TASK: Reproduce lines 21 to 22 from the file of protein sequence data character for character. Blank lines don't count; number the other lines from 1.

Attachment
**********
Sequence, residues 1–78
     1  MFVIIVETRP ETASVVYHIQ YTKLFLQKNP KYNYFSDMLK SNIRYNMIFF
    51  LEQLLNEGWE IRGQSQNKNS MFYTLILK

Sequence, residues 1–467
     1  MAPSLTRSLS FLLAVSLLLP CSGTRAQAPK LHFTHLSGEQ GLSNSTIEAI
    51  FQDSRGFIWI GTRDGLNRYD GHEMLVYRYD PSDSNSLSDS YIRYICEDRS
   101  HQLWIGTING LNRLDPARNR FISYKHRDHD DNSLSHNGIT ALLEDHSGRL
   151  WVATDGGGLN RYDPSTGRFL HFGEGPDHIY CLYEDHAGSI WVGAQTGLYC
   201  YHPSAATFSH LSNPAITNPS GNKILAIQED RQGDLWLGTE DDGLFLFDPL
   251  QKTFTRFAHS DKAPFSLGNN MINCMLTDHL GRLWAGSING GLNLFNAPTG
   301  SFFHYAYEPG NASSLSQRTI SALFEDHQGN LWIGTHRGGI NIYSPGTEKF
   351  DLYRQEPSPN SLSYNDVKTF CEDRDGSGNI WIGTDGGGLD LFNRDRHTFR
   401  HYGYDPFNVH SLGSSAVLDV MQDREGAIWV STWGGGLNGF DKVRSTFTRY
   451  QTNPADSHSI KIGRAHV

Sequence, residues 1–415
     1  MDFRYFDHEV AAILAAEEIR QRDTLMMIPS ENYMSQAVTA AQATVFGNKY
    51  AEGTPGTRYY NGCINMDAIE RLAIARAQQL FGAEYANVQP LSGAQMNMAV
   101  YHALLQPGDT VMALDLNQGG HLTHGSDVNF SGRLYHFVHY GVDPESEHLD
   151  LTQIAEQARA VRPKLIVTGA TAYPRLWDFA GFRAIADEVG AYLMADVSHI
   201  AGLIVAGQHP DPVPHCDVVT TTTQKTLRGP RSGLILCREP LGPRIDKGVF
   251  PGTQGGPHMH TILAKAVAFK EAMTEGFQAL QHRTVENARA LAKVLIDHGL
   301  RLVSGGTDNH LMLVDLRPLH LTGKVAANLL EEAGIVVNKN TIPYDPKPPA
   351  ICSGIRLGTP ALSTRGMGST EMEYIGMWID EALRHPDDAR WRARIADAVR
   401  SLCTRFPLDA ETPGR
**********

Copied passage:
   251  PGTQGGPHMH TILAKAVAFK EAMTEGFQAL QHRTVENARA LAKVLIDHGL
   301  RLVSGGTDNH LMLVDLRPLH LTGKVAANLL EEAGIVVNKN TIPYDPKPPA